"Pay attention to the world." -- Susan Sontag
Cool White Irises

Cool White Irises

From Iris: The Classic Bearded Varieties by Claire Austin:

“Over the past century the development of the bearded iris has been tremendous. At the beginning of this period the flowers came in only white, yellow or purple, or occasionally a combination of all three colours. This often resulted in a murky blend of muted shades. Since then, hybridizers have expanded the range into a vast rainbow of colours — and as the number of tones has increased, so has the size of the flower. Because of this, the petals, which once were smooth and delicate in shape, are now of necessity ruffled, fluted and thick in substance….

“The earliest bearded iris hybrids date back to the early 1800s and were raised in the UK and France, from seedlings selected by nurserymen from naturally occurring open-pollinated crosses. It soon became apparent that an incredible number of variations could occur, so by the beginning of the twentieth century, nurseries were embarking seriously on full-blown breeding programmes. As a consequence, the bearded iris rapidly developed beyond all recognition and by the mid-twentieth century hundreds of new plants were being introduced each year.”

From “White Iris” in Thinking of Angels: Poems by Winifred Robins:

A white iris blossom floats
     in the turquoise dish,
its beauty never more apparent,
     its pristine ruffles pure.

Iris clusters vie for space
     across the flower bed
multicolored in their glory.
     The one I clipped today,

before me on the table,
     holds perfection in its petals
and treats my eyes to all the beauty
     they can hold.


On a day forecasted to be the hottest of the year so far — with temperatures expected to rise to the small 100s — I thought it would be nice to assemble and post this collection of soft-white iris photos, originally taken on a shady day. I feel cooler already!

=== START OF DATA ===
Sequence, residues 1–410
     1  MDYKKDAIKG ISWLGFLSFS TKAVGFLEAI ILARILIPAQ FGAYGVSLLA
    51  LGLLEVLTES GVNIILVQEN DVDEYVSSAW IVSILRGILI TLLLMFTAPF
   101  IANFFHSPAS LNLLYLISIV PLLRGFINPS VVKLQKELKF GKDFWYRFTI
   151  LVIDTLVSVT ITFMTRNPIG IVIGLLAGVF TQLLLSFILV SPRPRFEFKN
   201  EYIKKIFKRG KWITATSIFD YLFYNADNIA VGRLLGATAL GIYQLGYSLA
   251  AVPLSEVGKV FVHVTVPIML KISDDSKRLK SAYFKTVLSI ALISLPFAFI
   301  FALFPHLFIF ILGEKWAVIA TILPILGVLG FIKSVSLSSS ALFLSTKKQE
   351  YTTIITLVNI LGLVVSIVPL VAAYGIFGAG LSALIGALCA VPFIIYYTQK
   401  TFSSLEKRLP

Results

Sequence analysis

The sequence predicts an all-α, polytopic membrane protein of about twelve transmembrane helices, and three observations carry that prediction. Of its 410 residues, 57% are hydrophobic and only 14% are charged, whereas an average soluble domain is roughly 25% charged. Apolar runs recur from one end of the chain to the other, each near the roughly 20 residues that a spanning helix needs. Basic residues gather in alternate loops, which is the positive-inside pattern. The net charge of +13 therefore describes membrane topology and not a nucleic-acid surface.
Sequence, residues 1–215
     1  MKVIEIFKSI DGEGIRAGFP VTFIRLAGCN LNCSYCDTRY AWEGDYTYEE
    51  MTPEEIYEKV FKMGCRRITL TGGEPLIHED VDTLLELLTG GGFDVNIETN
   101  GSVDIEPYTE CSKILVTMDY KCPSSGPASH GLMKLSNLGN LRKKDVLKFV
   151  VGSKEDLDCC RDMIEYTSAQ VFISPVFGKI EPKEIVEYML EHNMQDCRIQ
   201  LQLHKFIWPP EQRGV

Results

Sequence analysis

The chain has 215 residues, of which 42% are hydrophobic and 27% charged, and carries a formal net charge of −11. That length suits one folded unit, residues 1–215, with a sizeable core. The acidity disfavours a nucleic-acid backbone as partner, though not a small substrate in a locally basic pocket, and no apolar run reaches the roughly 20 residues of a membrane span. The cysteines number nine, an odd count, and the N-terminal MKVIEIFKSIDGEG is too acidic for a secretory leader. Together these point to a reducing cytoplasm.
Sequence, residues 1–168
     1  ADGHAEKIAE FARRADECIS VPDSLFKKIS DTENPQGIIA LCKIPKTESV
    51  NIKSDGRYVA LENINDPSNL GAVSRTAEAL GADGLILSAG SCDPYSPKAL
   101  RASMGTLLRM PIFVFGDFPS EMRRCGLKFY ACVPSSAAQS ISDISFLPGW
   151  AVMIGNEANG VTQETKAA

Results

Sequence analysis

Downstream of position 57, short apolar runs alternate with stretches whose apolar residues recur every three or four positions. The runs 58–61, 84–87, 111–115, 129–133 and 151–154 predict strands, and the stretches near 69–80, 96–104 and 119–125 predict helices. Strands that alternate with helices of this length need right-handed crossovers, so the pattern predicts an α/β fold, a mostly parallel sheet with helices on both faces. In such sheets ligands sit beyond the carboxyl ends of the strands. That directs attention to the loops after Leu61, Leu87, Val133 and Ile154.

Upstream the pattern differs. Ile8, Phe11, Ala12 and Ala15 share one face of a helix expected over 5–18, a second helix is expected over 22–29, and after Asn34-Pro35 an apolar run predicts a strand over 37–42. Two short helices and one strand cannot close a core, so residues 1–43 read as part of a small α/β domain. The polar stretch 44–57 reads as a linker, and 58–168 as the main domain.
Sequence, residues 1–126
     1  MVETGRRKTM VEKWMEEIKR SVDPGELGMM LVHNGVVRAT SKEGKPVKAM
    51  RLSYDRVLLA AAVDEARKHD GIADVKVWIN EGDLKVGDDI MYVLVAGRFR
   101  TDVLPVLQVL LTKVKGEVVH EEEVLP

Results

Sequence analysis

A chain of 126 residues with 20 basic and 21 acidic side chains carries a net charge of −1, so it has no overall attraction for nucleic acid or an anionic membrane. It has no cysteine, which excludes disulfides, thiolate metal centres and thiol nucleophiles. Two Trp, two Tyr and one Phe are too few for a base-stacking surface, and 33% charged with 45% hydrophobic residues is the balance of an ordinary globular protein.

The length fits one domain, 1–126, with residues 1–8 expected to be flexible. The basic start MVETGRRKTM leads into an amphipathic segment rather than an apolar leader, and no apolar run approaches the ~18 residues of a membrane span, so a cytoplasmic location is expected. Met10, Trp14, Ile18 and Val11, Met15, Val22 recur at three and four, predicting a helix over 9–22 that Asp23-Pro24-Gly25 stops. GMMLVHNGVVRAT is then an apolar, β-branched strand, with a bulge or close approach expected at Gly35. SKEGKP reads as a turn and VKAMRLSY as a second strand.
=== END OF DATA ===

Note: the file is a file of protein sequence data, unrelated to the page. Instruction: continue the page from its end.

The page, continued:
Thanks for taking a look!


  1. They are a lovely colour. I particularly like the cropping in the main image, more satisfying to my eye than getting the whole of the petals within the frame. I can’t say exactly why but somehow the rectangle tames all those curves when their outer edges are outside the frame.

    1. Dale

      Thank you! It’s one of the things I like about photographing irises especially — they have so many fascinating shapes that it’s fun to play around with positioning different ways, and I also like how some of the lines seem to “disappear” outside the frame.

      Thanks for the comment!

    1. Dale

      I agree! Someone needs to invent portable shade! I often think about bringing a reflector with me but then I don’t want to haul the extra gear around.

      I have gotten good results with neutral density filters on sunny days. Even though they aren’t typically used for flower photography, they will reduce excessive light a lot and take the edge off sharp shadows. But nothing works as good as a cloudy day….

      Thanks for commenting!

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